In middle school, I was a failing student. I wasn't really interested in obtaining good grades because I lacked the motivation to do anything for myself. When I
entered high school, I knew I had a fresh start, one where I could do whatever I wanted.
During the same time, my 8th grade teacher, Mr. Munoz, started talking about creating a debate team. Although I was far from an outstanding student, Mr.
Munoz knew I had a passion for argumentation and being aware of the world around me. He quickly recruited me and began preparations for joining the debate league.
I remember flooding myself in briefs that were all pertaining to space exploration. I learned about the ethics, the environmental implications, and the potential political outcomes of space exploration. My mind was a sponge that could link together issues from all over the spectrum. After my first debate, I noticed that I was becoming a better reader, speaker and thinker.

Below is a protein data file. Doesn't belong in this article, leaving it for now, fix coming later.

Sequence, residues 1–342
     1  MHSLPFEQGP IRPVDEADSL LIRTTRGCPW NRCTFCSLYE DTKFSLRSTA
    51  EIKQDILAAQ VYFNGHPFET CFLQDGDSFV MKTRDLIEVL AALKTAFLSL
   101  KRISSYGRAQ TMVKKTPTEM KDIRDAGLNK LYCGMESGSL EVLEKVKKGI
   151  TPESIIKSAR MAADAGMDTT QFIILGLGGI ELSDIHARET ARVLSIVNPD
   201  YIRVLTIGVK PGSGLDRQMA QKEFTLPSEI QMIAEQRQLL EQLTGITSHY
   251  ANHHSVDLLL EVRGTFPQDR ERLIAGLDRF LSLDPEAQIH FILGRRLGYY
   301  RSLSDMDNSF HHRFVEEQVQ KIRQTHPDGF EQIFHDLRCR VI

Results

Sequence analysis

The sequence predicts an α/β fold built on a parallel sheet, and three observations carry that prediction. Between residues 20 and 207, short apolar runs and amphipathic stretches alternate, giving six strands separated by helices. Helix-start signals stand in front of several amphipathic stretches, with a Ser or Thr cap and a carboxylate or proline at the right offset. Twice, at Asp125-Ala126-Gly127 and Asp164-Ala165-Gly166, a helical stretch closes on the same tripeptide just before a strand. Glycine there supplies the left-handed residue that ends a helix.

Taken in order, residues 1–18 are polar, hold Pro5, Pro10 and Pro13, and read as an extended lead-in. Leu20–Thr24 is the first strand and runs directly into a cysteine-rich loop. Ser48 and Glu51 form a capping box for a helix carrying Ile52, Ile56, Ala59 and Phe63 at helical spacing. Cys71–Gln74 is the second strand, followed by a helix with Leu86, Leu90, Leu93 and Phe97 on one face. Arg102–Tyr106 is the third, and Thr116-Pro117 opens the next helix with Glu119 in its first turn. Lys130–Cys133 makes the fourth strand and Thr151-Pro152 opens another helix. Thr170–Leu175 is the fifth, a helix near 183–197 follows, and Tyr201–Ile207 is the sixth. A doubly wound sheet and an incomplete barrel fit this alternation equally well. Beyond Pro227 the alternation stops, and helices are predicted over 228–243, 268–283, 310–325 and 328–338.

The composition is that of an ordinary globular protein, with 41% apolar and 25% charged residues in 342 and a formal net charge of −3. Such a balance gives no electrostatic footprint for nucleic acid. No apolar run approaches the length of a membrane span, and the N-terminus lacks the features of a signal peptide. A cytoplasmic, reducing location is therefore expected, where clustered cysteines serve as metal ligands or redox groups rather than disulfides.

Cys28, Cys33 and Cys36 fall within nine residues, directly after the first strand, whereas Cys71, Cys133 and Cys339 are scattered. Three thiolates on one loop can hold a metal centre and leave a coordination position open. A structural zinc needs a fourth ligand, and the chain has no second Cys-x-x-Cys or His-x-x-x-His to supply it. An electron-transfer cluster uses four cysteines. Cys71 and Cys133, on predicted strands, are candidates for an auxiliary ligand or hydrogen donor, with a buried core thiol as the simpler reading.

School became a breeze. Paying attention became vital as topics discussed in the classroom appeared more and more in debate. There were several instances where history, literary works, and even biology knowledge came as an advantage during a round. I became a 4.0 student, a complete turn-around from the student I was in middle school.
Now in my senior year of high school, debate has been an integral feature on my resume. From listing my awards, to demonstrating the leadership I exercised because of debate, it has all helped me immensely in my college application process. I was admitted to the Yale Class of 2018, and I intend to enroll for the fall of 2014. I can't imagine my high school career without debate, and a large part of my success can be attributed to my involvement with Denver Urban
-Viviana Andazola, Class of 2014
University of Denver, Sturm College of Law. 2255 East Evans Avenue Suite 406, Denver, CO 80210